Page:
Special Hobby 1/48 Petyakov Pe-3 Radar Gneis 2
MSRP $48.00 $36.75 from Roll Models
Images and text Copyright © 2014 by Matt Swan
During the Great War German night time bombing of Moscow drove the NKO to issue an emergency requirement for a high speed night fighter to combat the bombers. The NKO basically selected the aircraft and issued for a crash development program on the Petlyakov PE-2 with only four days to meet the requirement. One PE-2 was pulled off the production line and additional fuel tanks were installed in the fuselage bomb bay and the ventral gunner's position providing an additional 700 liters. The nose armament was beefed up with an additional 12.7mm Berezin UBK machine gun and a 7.62mm stinger was added to the tail cone. Several more modifications were made such as a mechanical bomb release for the bombs mounted in the engine nacelles, removal of dive brakes and radio modifications but by the end of four days the prototype was ready for initial speed and maneuverability trials. The NKO was sufficiently satisfied with the results to order five pre-production aircraft to be delivered eleven days later.
Petlyakov only had a starting point at this time, there was still a lot of work needing done on this modification. Right away it was found the Plexiglas panels in the nose could not support the recoil from the machine guns plus the 12.7mm simply did not provide sufficient punch to get the job done. It was found that ejecting shell casings caused damage to the wing skin and ultimately these had to be contained within the aircraft which brought with it new issues. Defensive armament was too light, crew armor was insufficient and gun flash caused issues with the pilot throughout development and was never fully rectified. Mission turnaround time was lengthy, center of gravity issued developed with the addition of heavier armament and crew armor, icing issues were causing problems and with the increased aircraft weight leading edge flaps were required. By time all the issues were addressed to some degree or another the aircraft was not fully ready for operational use until early 1942 then issues developed at the factory when it had to be evacuated due to the German advance and only 132 aircraft were completed in 1942 with 13 more coming off the line in 1943 before the type was discontinued in favor of the Ilyushin IL-4.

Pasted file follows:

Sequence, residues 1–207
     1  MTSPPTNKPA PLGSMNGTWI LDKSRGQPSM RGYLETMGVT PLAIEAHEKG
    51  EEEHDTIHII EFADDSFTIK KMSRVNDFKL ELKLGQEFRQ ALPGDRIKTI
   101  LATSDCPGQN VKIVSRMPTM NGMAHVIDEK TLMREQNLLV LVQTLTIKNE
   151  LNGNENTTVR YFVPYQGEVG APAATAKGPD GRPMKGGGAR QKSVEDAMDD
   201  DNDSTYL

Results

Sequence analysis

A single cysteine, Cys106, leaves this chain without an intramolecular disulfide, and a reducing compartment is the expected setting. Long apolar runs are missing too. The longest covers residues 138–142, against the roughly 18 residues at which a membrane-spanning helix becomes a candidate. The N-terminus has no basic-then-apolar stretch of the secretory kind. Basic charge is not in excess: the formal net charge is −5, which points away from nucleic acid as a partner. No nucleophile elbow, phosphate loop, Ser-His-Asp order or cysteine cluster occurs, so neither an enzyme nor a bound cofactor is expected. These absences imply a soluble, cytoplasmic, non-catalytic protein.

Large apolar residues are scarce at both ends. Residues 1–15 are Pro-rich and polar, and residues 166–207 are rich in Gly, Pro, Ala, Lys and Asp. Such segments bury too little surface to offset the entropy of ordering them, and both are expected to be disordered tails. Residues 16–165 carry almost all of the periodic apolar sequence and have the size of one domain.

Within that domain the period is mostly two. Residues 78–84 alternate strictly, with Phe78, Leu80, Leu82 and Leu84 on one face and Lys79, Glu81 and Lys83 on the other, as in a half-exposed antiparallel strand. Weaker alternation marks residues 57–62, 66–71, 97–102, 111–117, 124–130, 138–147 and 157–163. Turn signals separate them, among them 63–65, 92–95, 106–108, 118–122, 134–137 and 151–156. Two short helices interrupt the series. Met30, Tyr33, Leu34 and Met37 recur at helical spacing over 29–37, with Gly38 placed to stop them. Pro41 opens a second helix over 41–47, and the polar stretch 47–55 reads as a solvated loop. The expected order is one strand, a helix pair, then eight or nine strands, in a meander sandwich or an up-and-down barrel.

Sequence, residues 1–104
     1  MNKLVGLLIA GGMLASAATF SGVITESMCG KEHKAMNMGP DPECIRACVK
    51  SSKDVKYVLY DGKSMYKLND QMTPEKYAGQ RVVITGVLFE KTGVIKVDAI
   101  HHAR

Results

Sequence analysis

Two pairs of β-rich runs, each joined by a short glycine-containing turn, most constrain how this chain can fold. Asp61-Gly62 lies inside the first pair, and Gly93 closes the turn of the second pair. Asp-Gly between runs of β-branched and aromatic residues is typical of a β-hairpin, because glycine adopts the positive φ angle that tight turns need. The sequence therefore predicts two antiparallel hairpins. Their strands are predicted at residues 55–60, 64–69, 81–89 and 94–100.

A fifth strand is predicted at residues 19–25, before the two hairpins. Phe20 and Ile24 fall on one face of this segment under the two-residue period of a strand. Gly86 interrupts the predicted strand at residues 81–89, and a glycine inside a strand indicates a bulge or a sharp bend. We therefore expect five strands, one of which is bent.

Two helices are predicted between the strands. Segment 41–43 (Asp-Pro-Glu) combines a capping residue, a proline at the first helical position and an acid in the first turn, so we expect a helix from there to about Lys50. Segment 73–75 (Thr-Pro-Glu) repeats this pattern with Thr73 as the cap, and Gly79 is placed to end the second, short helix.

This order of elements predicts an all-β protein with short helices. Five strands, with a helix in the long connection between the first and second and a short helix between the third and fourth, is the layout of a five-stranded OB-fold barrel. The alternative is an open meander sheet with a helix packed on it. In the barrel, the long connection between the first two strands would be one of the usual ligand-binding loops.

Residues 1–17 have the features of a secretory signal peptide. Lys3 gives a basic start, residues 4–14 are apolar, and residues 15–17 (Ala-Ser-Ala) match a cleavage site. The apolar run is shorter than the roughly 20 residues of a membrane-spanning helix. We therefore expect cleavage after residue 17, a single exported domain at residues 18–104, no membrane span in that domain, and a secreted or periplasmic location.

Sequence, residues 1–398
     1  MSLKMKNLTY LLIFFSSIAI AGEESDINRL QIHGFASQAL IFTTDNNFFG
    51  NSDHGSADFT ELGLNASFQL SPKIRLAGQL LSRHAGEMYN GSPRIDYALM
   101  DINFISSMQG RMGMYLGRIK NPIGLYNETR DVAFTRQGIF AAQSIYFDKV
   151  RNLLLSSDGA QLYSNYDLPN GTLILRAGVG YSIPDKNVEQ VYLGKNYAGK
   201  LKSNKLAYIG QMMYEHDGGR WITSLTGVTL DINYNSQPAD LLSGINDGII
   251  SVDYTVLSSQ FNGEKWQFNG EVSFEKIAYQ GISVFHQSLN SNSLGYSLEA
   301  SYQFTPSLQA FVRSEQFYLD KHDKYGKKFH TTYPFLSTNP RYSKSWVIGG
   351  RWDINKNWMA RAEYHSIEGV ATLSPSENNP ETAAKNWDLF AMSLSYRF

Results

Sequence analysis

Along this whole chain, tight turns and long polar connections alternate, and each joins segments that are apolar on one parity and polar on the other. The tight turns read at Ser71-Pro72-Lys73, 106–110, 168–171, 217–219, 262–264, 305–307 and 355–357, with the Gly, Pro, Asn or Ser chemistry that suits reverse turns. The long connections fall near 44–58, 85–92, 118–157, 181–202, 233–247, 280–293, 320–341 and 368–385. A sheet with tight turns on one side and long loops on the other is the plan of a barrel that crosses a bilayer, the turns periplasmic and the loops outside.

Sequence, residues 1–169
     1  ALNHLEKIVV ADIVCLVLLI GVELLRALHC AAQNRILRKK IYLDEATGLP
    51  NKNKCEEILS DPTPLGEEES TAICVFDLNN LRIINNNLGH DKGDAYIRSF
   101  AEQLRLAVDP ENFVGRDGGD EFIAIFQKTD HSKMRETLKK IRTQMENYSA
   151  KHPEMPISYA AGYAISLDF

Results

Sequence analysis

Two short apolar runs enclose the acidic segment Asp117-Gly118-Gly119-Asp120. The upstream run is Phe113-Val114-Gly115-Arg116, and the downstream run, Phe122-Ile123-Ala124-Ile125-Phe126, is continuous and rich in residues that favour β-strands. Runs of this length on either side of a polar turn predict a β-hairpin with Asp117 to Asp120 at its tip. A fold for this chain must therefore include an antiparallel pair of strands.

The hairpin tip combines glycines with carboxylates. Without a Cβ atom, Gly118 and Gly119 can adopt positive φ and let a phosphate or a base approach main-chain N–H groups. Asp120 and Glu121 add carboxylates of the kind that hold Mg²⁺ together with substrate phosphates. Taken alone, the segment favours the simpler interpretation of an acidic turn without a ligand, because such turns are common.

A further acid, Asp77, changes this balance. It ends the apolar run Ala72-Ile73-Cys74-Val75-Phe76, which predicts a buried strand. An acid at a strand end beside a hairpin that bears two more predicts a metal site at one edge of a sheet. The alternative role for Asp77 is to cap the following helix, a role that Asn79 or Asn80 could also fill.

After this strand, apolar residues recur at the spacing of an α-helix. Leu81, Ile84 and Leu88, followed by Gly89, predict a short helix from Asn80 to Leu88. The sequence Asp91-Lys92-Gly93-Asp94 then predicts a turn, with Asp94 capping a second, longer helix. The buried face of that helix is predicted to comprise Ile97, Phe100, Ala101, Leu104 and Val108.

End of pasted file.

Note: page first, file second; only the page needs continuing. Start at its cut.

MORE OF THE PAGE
This is a limited run kit and everything about the packaging reinforces that concept. The end opening box has a nice piece of artwork barely secured to it with only a dab of glue on each end of the sheet. Inside the sprues display heavy gates and thick parts. Surface detail is acceptable with finely etched panel lines and relatively smooth exterior finish however there are some small amounts of flash. Clear parts are acceptable is still somewhat thick and specific to the Pe-2. We also get a single sheet of vacuformed clear parts that have a slightly yellow cast for the Pe-3 version. Interior details are minimal with some very heavy casting boogers in certain areas requiring some heavy razor knife work to clean up. The kit includes a resin package of very fine parts with plenty of flash to keep the modeler busy cleaning things up. In both plastic and resin there are plenty of spare parts for not only the two versions offered for this packaging but I surmise at least one earlier PE-2 version. We get a single small PE fret with radar receivers for the second version offered. One small sheet of decals is included with the very basic national markings and a single unit number. Overall parts fit is very poor; I found some heavy warping in the fuselage that required both razor saw surgery and the liberal application of bar clamps to straighten out. I also found several fit issues with interior parts and the five piece wing assembly. Instructions are adequate to get the job done.